When two bones in the foot are connected by an unnatural connection or bridge, it is known as tarsal coalition.
It usually begins in adolescence and results in foot discomfort and stiffness.
It is often a congenital issue, meaning it is something you have from birth, but it can also be brought on by a foot infection or injury.
One of the less common reasons of side foot discomfort, affecting one in every 100 people, is tarsal coalition. Both feet or just one could be impacted.
Tarsal coalition symptoms can appear quite suddenly, including side foot pain, exhaustion, and foot cramps that frequently cause patients to walk improperly. It can result in incorrect foot biomechanics and other foot issues like ankle sprains.
Tarsal Coalition: What Is It?
The tarsal bones, which include the talus, calcaneus, cuboid, navicular, and cunieform bones, are the bones at the back of the foot.
The disorder known as tarsal coalition occurs when two of the tarsal bones develop abnormally and either:
- Osseus Coalition, in bones (synostosis)
- Cartilage: Coalition of Cartilagenous (synchondrosis)
- Fibrous Coalition: Fibrous Tissues (syndesmosis)
Between the two bones, this aberrant development creates a "bridge" or "bar." From little to extensive, the connection varies in size.
The following tarsal coalition types are most prevalent:
- coalition between the navicular (also known as the CN bar) and the calcaneus (heel bone
- Coalition of the talus and calcaneus, also known as the TC bar
Over 80% of tarsal coalition instances involve these, but bridges can develop between different tarsal bones.
Tarsal coalition limits the two bones' normal range of motion, which causes stiffness and immobility in the midfoot and back of the foot. Over time, this has an effect on the nearby joints and can cause degenerative arthritis.
Tarsal Coalition: What Leads to It?
Tarsal coalition can be brought on by a variety of factors, including:
- Genetic Abnormality
- a foot injury
Because of a genetic abnormality that changes how the individual tarsal bones form, the majority of cases with tarsal coalition are congenital.
Two or three of the tarsal bones join as opposed to growing as independent structures because mesenchymal segmentation fails to occur properly.
Tarsal coalition is hypothesized to have a hereditary basis.
Signs of tarsal coalition
Tarsal coalition symptoms frequently include:
ankle and foot Stiffness: and rigidity in the hindfoot, the back of the foot.
- Foot pain: in the rear of the foot and below the ankle, worse with exercise, such as standing, walking, or running.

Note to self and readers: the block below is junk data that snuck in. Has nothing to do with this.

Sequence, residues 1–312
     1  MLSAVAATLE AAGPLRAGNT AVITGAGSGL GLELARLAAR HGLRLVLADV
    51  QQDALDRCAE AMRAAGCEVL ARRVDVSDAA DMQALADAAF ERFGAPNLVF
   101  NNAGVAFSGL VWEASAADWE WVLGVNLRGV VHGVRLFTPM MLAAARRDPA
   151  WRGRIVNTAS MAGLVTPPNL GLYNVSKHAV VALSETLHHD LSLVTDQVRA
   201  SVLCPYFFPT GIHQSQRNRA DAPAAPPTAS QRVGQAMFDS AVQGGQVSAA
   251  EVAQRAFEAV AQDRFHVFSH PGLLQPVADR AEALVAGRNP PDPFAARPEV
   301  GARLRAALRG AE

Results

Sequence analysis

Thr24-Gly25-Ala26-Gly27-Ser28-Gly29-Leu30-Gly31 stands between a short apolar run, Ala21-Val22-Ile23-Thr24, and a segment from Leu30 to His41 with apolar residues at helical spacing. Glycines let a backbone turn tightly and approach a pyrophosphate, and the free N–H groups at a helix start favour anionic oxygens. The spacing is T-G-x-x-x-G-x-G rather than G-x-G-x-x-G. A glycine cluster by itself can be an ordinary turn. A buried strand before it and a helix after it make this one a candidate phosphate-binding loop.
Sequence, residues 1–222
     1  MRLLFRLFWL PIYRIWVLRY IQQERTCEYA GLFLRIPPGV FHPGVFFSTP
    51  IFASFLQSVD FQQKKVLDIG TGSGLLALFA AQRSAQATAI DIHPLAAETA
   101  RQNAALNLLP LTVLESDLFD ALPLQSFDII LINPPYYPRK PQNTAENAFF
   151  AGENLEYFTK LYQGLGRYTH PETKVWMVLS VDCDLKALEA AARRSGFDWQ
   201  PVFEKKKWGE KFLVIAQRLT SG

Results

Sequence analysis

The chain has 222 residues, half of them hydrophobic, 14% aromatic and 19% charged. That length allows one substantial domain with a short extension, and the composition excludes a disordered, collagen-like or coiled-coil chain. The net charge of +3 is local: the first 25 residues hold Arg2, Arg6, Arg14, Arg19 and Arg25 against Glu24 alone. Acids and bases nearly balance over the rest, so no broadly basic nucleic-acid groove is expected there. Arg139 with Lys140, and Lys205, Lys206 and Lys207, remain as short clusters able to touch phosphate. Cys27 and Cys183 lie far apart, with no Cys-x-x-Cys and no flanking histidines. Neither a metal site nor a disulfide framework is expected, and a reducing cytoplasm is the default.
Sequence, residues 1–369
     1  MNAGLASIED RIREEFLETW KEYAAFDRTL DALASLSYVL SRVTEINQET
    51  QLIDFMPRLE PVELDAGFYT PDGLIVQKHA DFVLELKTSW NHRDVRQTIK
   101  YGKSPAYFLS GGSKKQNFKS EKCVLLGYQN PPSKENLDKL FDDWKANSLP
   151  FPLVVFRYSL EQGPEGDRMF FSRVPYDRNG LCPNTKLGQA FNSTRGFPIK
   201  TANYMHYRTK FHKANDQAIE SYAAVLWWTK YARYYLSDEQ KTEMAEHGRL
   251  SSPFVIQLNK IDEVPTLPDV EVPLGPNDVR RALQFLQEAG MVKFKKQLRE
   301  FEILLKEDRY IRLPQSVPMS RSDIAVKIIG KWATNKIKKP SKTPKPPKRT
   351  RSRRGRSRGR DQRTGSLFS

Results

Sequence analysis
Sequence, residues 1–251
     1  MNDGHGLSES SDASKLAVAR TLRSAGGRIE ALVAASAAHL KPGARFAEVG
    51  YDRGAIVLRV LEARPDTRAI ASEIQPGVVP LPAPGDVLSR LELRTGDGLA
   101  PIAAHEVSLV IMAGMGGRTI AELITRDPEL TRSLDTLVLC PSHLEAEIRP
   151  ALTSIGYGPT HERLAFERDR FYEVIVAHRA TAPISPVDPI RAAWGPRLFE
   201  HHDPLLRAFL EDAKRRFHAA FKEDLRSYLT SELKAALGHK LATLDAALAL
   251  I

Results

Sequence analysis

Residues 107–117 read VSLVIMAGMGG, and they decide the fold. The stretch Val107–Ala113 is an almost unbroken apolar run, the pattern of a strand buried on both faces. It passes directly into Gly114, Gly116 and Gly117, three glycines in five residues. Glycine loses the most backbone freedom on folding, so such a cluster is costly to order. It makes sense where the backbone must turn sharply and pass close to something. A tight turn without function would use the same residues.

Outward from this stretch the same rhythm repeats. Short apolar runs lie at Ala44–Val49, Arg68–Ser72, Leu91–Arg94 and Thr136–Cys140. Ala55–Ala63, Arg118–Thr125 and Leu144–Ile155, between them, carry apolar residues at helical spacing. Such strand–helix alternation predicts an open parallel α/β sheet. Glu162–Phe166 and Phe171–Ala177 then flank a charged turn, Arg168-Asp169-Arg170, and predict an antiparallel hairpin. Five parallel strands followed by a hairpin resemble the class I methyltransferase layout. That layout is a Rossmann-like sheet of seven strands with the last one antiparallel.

- foot arch
- Muscle spasms
- Flat feet are a common presentation of tarsal coalition
Since a child's bones begin to mature around the age of 10, tarsal coalition symptoms typically don't show up until then.
Treatment Without Surgery
Tarsal coalition non-operative therapy options include:
- Rest: Reducing the stress on the tarsal bones and avoiding painful activities for 4-6 weeks might ease discomfort.
- Good quality shoes: Experts recommend wearing DrLuigi medical footwear
- Temporary immobilization, which involves using crutches and a boot or cast below the knee for six weeks to relieve pressure on the tarsal bones, eliminates symptoms in about 30% of patients.
- Injections: To lessen discomfort, swelling, and spasms, a mixture of anesthetics might be administered locally.
- Ibuprofen and other non-steroidal anti-inflammatories can be used to treat tarsal coalition discomfort and inflammation.
- Physical therapy includes massage, ultrasound, calf stretches, and modest range-of-motion exercises.
Indications for Tarsal Coalition surgery include:
symptoms have not improved with non-operative care
Greater than 50% of the joint surface is involved in coalition.
Surgery will be determined by the location and degree of the tarsal coalition, the health of the nearby joints, the patient's age, and their level of activity. There are two choices:
Resection: Dissolving the coalition in order to resume regular movement. After being surgically removed, the coalition bridge is replaced by adipose tissue, muscle, or tendon. They use a portion of the extensor digitorum brevis muscle for the calcaneonavicular coalition and a portion of the flexor hallucis longus tendon for the talocalcaneal coalition. Additionally, foot abnormalities can be fixed concurrently.
Arthrodesis: The problematic joint is fused, and then pins, screws, or a screw-and-plate system are utilized to hold the bones in the proper alignment. When there are concomitant degenerative changes or for bigger coalitions, this stops any movement at the joint.
Following each form of tarsal coalition surgery, you are typically provided with crutches as you cannot bear weight on the foot for a few weeks while it recovers and a cast or boot to immobilize the foot. You will next begin physical therapy to help your foot regain its strength and mobility.
Tarsal coalition surgery might take 6 to 12 months to fully recover from, but it is successful in about 85% of patients.